When we'd woken that morning the whole of the city had been covered in fog, and I at least was dreading that yet again, the one day we'd decided to visit a famed vista it would be too foggy to see anything. It had happened earlier on the trip when Mum and I had visited Neuschwanstein and as a result I somewhat expected it to happen again. Particularly as our other days had been so clear and sunny. 

The fog remained as the sun rose in the sky and we wound our way out of Seville. 

Thankfully, as we headed south east, it slowly cleared and the sun appeared leaving us with the perfect day for sight seeing.

Along the way Dad had spotted a scenic stream, still partially shrouded in mist.

It was scenic, and surprisingly Australian. Much of the area we had been visiting was typically Mediterranean; rocky and with groves of oranges and olives, much like the Cote d'Azur, bits of Italy and, as I would discover later, much of Greece. Here however was a grove of Eucalyptus trees (which also grow voraciously around the Mediterranean) that could as easily have been a place Down South.

Having arrived and parked in Ronda, in a space barely big enough for the wanky car we'd been given, we started to wander towards the famous bridge. Only to stumble upon this view.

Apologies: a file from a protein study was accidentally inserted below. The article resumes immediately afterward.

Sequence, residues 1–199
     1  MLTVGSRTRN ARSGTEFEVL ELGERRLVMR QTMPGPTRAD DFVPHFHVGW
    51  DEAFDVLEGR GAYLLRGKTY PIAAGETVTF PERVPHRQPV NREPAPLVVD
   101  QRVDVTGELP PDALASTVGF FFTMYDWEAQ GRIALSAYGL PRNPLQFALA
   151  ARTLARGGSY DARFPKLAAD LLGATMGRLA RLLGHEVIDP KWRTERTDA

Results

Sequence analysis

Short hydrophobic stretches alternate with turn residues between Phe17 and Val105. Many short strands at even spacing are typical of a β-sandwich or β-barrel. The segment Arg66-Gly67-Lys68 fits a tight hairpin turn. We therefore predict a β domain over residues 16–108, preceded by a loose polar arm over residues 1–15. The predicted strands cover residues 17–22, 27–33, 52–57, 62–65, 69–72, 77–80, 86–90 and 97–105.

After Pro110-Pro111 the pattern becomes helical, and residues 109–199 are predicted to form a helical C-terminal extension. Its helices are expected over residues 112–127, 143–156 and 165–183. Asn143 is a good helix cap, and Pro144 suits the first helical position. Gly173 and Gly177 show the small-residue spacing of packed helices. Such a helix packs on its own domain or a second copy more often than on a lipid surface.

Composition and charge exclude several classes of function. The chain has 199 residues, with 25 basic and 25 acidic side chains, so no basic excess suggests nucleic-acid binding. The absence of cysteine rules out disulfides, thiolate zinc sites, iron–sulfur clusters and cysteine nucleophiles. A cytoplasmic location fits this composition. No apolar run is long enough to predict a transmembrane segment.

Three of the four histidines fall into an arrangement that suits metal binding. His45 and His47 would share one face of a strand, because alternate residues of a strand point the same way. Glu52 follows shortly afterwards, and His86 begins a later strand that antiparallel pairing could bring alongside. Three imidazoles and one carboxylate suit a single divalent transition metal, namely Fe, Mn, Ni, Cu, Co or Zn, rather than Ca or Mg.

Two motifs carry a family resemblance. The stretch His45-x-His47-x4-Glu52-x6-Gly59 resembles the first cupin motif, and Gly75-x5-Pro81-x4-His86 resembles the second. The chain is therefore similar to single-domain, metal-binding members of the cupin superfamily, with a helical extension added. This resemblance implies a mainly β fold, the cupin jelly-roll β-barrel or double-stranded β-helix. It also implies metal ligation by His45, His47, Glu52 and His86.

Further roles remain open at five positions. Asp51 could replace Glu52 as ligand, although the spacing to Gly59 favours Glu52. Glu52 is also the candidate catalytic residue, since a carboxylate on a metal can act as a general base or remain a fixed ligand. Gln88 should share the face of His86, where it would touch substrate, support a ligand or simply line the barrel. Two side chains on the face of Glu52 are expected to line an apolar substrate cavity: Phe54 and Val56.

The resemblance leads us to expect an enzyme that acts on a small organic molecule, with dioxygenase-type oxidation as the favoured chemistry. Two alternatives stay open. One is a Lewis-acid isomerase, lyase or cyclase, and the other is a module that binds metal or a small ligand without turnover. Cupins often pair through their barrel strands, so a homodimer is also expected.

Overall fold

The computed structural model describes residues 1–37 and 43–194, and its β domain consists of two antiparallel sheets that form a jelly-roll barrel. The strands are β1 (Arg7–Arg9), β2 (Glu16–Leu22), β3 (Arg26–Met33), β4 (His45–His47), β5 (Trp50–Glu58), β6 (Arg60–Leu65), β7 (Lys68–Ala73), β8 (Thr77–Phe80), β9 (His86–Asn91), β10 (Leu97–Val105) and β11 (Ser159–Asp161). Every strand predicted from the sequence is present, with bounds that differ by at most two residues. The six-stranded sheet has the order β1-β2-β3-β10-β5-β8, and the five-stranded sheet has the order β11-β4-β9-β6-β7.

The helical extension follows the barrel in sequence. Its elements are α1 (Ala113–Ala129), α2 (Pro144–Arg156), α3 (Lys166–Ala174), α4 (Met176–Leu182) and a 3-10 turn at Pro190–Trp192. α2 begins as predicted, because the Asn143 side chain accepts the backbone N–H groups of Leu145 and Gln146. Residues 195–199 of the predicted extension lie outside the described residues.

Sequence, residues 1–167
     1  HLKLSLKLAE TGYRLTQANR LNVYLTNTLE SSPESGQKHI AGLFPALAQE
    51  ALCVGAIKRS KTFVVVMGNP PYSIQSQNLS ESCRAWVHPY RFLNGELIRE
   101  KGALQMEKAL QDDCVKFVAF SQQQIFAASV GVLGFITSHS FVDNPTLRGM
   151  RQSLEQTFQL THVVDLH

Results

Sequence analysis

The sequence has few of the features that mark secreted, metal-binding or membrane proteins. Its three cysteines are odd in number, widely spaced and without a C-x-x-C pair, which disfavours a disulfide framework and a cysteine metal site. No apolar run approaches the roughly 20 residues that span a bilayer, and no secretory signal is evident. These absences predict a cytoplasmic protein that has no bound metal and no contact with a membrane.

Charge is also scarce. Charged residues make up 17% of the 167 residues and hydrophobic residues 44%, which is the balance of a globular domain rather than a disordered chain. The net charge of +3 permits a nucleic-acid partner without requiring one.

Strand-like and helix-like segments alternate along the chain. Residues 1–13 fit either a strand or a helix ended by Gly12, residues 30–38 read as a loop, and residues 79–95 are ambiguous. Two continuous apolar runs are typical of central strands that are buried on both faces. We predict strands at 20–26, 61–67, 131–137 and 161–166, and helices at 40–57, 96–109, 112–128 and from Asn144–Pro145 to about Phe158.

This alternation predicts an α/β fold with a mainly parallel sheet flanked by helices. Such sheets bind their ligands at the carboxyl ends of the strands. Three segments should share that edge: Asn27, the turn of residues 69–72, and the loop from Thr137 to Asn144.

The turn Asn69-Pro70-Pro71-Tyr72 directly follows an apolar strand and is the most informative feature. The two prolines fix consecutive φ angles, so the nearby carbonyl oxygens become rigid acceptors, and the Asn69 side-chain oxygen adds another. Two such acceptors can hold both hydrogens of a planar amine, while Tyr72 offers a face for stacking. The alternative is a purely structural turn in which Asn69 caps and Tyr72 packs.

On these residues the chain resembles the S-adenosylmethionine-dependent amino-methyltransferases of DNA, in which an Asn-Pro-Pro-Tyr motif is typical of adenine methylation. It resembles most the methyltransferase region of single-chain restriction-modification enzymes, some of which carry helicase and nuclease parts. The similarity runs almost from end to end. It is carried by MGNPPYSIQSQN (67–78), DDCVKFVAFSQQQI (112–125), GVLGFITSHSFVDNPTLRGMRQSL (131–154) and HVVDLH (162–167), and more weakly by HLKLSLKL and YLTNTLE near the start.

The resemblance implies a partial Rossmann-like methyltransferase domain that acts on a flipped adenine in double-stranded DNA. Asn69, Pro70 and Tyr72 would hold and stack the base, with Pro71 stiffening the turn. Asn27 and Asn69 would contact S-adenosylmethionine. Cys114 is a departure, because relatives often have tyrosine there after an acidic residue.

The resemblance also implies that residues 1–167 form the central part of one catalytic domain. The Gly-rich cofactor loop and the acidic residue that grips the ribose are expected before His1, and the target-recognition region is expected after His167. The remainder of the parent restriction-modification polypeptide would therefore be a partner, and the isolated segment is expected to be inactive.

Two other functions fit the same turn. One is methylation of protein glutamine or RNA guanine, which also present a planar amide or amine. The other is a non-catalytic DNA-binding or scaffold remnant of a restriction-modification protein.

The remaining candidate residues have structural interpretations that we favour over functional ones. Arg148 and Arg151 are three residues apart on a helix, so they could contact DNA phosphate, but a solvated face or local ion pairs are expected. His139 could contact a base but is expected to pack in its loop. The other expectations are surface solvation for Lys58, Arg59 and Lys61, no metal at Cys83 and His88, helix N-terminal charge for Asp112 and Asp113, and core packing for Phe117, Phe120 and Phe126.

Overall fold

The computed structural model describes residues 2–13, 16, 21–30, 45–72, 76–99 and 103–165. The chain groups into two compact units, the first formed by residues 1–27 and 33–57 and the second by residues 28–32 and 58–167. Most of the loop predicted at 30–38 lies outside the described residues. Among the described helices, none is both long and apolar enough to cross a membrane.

Ronda is built to the very edge of a cliff, with the new town divided from the old by that solid stone bridge spanning the top of the deep canyon. Around the other side was a slightly more gradual incline and a less dramatic bridge, but it was this bridge that tourists (us included) had come to see.
As a tourist town (just a short day trip from Malaga), the edge of the cliff has been given over to public gardens and scenic footpaths enabling us to take as many photos as we desire of the sheer drop below as we gradually wind our way around to the bridge. 

Being afraid of heights, Mum chose a safe looking ledge from which to cautiously peer out at the void, while I went for the cantilevered balcony. 

(passing the bullfighting ring on our way)

From the bridge, the view west.

From the bridge, the view east. 

This is what we'd come to see. 
Having wandered down the steep and winding path we reached the vantage point. Actually it was several vantage points scattered along the side of the cliff each with different vegetation and providing slightly different angles of the bridge. 

Dad and I were like three legged mountain goats, camera in one hand, scrambling over rocks or down slippery banks to get the best photos possible. 
Mum on the other hand found herself a cliff to lean back against, or a very big, very immovable rock to tie herself to (almost but not quite) so she too could perch out and get some pictures. 

Okay, so it's not quite Dinotopia. but it sure reminded me of it.

Having gazed in awe at the bridge and taken more than enough photos, we wandered back up onto the plateau and continued exploring.
Between eating and things closing for siesta time, we did manage to enter one museum, an early history of Ronda museum that looked at the prehistoric and classical history of the area and the Roman town discovered on another plateau in the area. It was only a small museum but very interactive and ideally suited for primary school kids.

We made our way back to the car via the smaller bridge built at the other end of the gorge, around the corner from the bridge. 

Then the long drive back to Seville. Though it was the same route we'd taken to get to Ronda, the morning's fog meant it was all new scenery.